It's one thing to get an airplane into the air. It's another thing to control it effectively without crashing back to earth. In a simple light airplane, the pilot transmits steering commands via mechanical linkages to control surfaces on the wings, fin and tail. Those surfaces are, respectively, the ailerons, the elevators and the rudder. A pilot uses ailerons to roll from side to side, elevators to pitch upward or downward, and the rudder to yaw port or starboard. Turning and banking, for example, requires simultaneous action on both the ailerons and the rudder, which causes the wing to dip into the turn.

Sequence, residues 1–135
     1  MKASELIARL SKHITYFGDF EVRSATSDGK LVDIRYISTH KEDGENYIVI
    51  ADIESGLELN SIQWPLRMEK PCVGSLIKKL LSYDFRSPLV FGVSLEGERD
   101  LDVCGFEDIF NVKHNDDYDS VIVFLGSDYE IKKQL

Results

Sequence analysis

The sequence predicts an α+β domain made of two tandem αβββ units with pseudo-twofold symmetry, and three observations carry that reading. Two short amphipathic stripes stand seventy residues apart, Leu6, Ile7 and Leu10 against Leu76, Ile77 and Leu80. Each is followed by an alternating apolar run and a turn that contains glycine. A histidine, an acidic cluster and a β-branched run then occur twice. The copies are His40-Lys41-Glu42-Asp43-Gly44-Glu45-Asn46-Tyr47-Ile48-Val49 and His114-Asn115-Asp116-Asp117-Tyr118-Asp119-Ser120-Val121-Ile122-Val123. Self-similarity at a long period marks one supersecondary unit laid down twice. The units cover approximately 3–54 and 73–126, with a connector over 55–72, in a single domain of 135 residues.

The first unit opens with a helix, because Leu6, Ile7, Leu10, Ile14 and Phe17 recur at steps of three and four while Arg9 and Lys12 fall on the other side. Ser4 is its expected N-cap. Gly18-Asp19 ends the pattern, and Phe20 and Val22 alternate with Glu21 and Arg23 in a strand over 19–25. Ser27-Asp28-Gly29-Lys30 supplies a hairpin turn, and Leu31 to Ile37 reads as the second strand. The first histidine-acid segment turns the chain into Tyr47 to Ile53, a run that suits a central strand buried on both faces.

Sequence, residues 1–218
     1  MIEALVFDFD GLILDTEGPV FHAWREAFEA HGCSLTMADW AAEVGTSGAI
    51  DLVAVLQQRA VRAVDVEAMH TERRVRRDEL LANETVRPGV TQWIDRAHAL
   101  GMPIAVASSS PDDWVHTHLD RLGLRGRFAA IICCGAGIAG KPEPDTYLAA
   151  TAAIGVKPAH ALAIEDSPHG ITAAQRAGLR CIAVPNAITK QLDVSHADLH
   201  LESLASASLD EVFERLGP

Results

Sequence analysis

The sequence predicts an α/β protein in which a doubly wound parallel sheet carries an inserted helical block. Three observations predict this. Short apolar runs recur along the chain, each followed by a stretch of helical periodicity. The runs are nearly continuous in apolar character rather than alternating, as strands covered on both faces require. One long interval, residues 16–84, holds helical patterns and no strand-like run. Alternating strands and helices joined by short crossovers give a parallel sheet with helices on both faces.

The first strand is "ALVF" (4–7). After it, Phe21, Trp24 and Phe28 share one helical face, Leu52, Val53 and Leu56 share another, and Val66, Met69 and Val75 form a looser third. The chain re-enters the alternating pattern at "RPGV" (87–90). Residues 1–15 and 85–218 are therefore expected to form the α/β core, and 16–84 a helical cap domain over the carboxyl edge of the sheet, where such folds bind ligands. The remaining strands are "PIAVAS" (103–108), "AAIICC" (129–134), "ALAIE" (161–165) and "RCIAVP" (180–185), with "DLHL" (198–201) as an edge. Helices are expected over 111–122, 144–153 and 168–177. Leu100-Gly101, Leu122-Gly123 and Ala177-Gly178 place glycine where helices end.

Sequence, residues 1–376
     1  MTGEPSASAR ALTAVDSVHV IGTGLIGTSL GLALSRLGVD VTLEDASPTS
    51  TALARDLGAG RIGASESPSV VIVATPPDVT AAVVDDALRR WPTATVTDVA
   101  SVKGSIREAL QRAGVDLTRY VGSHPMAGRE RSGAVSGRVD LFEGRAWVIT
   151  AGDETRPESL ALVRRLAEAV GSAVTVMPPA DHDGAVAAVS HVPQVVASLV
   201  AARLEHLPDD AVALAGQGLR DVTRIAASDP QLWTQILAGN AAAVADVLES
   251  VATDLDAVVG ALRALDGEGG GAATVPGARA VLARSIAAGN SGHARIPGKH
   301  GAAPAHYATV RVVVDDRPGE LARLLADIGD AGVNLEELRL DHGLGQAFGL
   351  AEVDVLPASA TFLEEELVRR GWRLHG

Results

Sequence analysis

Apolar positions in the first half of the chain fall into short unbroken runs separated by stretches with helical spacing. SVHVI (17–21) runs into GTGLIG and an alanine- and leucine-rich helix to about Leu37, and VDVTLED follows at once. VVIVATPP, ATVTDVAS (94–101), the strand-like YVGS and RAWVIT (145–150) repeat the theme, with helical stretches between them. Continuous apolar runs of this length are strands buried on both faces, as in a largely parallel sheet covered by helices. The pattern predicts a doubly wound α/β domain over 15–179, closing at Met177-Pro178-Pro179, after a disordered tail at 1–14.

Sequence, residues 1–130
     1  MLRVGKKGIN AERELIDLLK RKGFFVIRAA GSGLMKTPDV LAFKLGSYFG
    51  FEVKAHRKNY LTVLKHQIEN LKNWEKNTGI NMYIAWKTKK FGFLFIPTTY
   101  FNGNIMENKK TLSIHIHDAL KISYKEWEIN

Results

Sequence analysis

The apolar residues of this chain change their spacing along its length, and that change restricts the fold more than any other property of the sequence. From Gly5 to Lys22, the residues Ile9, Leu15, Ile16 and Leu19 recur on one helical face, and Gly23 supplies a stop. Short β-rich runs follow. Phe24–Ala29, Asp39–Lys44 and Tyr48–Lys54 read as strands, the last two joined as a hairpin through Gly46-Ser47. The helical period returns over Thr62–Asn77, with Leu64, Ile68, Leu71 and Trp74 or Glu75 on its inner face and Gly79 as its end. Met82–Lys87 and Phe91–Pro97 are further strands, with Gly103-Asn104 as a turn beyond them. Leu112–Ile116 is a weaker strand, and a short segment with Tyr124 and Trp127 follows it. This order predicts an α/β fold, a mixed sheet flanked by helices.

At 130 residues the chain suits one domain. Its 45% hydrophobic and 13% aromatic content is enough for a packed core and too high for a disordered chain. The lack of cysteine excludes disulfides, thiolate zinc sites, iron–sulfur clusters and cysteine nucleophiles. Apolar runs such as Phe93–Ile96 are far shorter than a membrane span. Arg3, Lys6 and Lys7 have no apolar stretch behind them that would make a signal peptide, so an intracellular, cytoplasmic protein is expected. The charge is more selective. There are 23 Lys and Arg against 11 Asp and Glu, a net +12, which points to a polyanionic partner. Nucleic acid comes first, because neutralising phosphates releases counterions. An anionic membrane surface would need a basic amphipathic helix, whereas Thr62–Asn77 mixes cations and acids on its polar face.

Modern military and commercial airliners have the same control surfaces and take advantage of the same principles, but they do away with mechanical linkages. Early innovations included hydraulic-mechanical flight control systems, but these were vulnerable to battle damage and took up a great deal of room. Today, almost all large aircraft rely on digital fly-by-wire systems, which make adjustments to control surfaces based on an onboard computer's calculations. Such sophisticated technology allows a complex commercial airliner to be flown by just two pilots.